Rethinking the Day of Romance

Ah, Valentine’s Day. The one time of the year for couples to fully express their most extreme public display of affection in front of all those who dare to look. Meanwhile, your local singles try to go about the day as normally as possible, without eating too much chocolate.

I used to also feel cynical about the holiday. But learning about the history of the holiday changed my mind about this topic.

Ironically enough, the original ancient Roman celebrations in mid-February were actually quite bloody and violent. According to NPR, during “Lupercalia”, a festival celebrating the arrival of spring, goats and dogs would be sacrificed and skinned. Then, women would be hit with the hides.

I’m sure this seems like a disgusting mess to you but, back then, women would actually line up to partake in this process, as they were convinced this ritual would increase their fertility.

The origin of the name Valentine’s Day as we now know it comes from a slightly less disturbing background, although the truth behind the story is still disputed today and much of it is a rosy, embellished legend.  

Back in the third-century, ancient Roman emperor Claudius II banned marriage because he believed that single men made better soldiers. According to historical legend, a Roman Catholic priest, later known as St. Valentine, began illegally officiating marriages to counter this.

The idea of marriage, at the time, was regarded as a highly sacred act. When marriage was outlawed, many looked to the church for a solution. As a representative of the church, St. Valentine had the opportunity to provide an answer to the people’s problems, which is exactly what he did.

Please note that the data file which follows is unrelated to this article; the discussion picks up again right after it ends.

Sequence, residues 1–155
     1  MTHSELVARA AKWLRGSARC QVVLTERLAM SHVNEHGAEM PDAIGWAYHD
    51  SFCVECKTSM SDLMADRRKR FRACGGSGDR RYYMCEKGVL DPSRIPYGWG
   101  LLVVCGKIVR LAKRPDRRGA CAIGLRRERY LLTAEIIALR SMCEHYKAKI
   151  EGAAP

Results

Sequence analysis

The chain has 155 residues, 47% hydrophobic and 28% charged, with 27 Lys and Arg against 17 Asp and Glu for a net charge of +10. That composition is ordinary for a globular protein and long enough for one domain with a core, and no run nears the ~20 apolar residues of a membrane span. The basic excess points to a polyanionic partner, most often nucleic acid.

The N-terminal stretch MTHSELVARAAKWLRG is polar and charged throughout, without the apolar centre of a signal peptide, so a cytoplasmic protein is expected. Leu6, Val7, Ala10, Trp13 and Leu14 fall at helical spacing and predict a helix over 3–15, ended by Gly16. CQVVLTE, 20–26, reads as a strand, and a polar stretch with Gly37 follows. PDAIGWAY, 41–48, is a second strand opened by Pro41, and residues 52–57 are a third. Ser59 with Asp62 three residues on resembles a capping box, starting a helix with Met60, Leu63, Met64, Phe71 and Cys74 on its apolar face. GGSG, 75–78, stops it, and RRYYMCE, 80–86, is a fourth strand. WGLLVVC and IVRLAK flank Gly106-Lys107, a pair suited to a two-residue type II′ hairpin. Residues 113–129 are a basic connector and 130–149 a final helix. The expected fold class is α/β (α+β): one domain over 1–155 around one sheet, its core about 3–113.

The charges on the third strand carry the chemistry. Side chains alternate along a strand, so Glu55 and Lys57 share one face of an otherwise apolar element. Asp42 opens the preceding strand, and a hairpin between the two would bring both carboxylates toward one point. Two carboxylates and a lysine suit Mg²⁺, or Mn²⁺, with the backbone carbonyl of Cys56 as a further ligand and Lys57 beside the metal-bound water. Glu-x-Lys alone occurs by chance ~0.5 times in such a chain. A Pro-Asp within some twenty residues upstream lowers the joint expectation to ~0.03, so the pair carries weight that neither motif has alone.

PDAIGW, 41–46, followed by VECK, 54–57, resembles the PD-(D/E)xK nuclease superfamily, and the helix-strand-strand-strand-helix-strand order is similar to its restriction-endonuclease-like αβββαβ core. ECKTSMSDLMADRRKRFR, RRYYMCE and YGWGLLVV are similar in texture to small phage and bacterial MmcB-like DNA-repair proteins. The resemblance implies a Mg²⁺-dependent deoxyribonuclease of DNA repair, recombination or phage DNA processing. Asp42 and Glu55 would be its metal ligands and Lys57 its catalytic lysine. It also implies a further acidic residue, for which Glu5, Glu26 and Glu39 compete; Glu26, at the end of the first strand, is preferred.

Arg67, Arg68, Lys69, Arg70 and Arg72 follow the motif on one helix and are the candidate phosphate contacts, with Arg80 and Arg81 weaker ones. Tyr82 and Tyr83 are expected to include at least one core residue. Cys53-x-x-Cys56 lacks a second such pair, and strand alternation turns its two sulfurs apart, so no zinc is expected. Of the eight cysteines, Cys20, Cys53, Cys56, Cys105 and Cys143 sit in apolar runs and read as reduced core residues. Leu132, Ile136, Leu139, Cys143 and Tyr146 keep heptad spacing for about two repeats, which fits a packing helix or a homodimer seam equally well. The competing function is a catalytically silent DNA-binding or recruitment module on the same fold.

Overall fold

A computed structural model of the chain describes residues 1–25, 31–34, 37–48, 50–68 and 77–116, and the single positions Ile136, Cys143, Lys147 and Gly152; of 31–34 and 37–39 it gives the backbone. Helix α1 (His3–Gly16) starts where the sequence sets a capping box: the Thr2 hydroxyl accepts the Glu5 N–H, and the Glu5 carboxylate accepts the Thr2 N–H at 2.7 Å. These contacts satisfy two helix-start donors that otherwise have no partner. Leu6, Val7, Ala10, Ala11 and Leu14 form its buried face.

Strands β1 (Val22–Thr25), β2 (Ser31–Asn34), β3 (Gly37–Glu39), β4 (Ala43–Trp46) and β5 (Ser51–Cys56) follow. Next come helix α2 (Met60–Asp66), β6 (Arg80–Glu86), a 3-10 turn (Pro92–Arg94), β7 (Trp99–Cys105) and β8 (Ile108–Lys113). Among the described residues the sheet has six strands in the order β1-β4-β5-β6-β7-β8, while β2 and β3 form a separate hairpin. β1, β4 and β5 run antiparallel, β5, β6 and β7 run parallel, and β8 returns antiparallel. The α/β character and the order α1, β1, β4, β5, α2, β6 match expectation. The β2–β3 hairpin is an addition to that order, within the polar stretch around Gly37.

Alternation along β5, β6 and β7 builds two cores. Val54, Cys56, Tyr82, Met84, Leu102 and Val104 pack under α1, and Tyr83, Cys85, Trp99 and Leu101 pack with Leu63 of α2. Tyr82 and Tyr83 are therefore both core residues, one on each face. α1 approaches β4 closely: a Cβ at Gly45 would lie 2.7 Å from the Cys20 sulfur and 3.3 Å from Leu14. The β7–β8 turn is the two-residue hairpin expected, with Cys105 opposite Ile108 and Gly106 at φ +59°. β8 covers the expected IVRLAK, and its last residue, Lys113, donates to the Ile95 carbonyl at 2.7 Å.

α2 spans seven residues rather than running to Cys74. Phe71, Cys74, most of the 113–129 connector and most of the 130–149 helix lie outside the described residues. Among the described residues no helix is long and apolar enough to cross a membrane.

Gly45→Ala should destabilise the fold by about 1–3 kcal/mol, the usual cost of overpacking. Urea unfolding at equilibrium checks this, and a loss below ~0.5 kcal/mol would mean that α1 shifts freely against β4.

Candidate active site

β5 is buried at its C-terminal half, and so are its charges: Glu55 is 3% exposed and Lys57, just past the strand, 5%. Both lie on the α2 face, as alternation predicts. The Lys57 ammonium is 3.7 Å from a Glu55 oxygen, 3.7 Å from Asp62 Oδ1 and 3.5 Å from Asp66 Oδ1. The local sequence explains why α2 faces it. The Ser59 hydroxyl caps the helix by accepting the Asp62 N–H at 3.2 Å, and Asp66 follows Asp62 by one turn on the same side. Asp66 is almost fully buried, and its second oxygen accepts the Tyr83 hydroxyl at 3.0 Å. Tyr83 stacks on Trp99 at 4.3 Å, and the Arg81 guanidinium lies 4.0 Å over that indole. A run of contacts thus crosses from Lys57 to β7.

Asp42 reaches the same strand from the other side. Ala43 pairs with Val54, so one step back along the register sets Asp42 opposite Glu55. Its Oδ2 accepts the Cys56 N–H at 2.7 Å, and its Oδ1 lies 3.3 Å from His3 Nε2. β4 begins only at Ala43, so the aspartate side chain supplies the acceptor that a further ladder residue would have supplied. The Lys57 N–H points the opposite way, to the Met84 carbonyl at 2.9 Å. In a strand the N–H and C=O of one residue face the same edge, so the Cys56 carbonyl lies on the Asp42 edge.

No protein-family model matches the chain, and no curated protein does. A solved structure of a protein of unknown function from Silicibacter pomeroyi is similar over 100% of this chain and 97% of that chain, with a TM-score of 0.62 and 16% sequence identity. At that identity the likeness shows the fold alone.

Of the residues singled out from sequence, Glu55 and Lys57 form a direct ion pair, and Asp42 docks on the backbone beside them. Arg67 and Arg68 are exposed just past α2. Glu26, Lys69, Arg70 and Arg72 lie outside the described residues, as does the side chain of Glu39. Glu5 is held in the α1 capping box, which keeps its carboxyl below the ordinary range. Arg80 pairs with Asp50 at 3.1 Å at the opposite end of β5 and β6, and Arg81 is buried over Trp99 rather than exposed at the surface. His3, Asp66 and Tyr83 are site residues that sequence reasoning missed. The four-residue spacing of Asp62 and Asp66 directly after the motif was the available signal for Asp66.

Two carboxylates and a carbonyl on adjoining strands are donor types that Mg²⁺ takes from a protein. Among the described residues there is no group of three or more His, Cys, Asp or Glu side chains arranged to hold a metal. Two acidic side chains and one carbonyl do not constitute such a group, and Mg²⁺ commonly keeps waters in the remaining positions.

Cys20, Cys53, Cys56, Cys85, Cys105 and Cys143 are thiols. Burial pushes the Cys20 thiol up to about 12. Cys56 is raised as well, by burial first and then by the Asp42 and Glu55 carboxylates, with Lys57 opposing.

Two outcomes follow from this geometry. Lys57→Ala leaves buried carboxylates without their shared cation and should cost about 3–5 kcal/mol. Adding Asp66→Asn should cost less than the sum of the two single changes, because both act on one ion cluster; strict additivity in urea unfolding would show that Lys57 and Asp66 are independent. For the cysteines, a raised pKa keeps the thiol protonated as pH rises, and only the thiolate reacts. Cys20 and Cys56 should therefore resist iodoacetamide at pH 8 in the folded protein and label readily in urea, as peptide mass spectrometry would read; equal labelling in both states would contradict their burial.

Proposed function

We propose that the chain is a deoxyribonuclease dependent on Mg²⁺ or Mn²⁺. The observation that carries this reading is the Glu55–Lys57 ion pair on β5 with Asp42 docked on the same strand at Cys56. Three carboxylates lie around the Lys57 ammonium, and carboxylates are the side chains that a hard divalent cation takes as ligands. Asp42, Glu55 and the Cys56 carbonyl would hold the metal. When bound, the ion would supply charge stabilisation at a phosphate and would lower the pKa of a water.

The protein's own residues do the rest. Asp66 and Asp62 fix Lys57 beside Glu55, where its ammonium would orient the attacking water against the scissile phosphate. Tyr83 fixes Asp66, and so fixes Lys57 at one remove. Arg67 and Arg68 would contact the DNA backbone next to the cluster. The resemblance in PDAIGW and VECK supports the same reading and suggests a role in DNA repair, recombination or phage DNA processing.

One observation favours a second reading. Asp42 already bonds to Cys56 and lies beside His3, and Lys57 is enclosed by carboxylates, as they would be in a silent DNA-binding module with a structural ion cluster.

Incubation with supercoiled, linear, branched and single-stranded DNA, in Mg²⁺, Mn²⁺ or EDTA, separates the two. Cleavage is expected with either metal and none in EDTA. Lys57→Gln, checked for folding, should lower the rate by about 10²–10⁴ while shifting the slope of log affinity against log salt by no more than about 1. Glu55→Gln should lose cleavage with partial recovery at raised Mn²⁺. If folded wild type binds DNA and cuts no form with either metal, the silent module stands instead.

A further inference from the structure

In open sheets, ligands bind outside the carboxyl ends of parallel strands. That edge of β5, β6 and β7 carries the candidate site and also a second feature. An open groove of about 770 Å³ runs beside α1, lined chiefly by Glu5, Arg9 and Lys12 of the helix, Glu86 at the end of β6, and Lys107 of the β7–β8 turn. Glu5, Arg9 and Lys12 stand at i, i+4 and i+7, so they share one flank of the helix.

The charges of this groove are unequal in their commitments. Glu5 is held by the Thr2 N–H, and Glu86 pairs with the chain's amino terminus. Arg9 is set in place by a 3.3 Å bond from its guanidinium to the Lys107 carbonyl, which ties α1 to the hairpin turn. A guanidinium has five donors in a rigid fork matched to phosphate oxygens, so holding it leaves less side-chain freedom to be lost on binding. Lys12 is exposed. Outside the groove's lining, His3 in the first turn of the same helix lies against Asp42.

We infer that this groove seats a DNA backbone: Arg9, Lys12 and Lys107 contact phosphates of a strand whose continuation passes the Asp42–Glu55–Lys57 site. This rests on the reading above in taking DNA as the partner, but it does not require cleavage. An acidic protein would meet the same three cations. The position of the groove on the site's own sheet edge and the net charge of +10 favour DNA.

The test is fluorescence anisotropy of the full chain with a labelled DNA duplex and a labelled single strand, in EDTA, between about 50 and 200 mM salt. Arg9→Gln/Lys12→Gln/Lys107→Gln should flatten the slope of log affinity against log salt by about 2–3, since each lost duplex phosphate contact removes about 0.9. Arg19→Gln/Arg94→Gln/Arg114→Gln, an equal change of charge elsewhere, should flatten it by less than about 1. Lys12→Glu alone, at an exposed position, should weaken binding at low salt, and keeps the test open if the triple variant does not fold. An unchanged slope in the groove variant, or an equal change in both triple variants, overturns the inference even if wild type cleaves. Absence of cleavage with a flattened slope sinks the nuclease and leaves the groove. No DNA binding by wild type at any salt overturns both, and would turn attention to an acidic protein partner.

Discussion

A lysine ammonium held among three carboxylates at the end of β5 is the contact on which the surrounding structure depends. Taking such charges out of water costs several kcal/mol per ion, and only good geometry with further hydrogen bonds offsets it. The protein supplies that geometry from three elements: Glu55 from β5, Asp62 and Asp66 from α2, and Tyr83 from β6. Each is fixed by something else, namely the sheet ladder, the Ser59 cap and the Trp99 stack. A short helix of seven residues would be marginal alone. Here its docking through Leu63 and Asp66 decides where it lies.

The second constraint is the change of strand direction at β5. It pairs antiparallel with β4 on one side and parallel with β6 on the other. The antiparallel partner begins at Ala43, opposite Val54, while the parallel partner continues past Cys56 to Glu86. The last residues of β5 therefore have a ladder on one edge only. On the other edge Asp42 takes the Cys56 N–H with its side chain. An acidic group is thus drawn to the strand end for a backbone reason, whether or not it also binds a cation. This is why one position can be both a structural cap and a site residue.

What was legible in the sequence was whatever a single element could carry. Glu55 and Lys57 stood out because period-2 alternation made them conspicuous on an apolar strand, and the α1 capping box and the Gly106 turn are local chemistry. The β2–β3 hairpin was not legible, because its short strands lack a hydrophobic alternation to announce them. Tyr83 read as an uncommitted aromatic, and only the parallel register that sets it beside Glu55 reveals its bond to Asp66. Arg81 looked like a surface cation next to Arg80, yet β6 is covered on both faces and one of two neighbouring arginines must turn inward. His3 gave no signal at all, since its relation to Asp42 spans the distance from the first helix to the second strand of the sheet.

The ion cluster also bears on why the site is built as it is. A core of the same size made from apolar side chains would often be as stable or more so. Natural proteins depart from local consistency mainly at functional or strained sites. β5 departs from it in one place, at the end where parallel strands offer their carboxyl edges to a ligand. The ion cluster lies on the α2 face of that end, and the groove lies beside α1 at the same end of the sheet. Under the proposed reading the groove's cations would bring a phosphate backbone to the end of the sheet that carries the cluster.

By unifying people who were in love, St. Valentine played a risky game. If his mission was exposed, he would face death. But he continued anyway, risking his own life to marry couples without the knowledge of the emperor and without care for the consequences.

In the end, St. Valentine met the same fate as many tragic rebel-heroes in history and was eventually caught, jailed and tortured for his efforts. Tragically, St. Valentine fell in love with the daughter of one of the jail wardens and left her a note signed “love, your Valentine” (I bet you can guess which tradition is said to have started as a result of that note.) Eventually according to some versions of the legend, their love story reached a tragic end, as Valentine was martyred, later becoming the patron saint of love, which is why today we celebrate Valentine’s Day in his name.

Knowing the legend about the origins of Valentine’s Day now, I feel much better than I did before. The transformation between the original celebrations of the holiday and what it represents today provides a valuable example of how something gory and violent can evolve into a day full of hope and love.

And if I’m being honest, my opinion of Valentine’s Day has often been biased — mostly because the holiday can be isolating to those who don’t identify as gender binary, and it’s often seen as a superficial holiday solely for the purpose of giving the chocolate and floral industries a boost.

But underneath all those prejudices, the holiday is truly a space to honor a man who did so much for our perception of marriage and love today.

Personally, I’ve never celebrated Valentine’s Day with a special someone but, despite that, I find myself still able to appreciate the holiday for what it is, mostly only because my parents send me a box of chocolate.

Even if you run into two lovebirds that you’d rather not witness getting lost in each other’s eyes this Valentine’s Day, I beg you, turn that annoyance into something positive and think of St. Valentine and all that he did for love. And to all you lovebirds out there, eat some candy or buy a rose for the priest who acted solely out of love, without knowing that he would leave an impact for centuries to come.

If you’re like me and you find yourself without a significant other this Valentine’s Day, never fear because there are other ways to celebrate. And if worse comes to worst, you can always join me and my candy.

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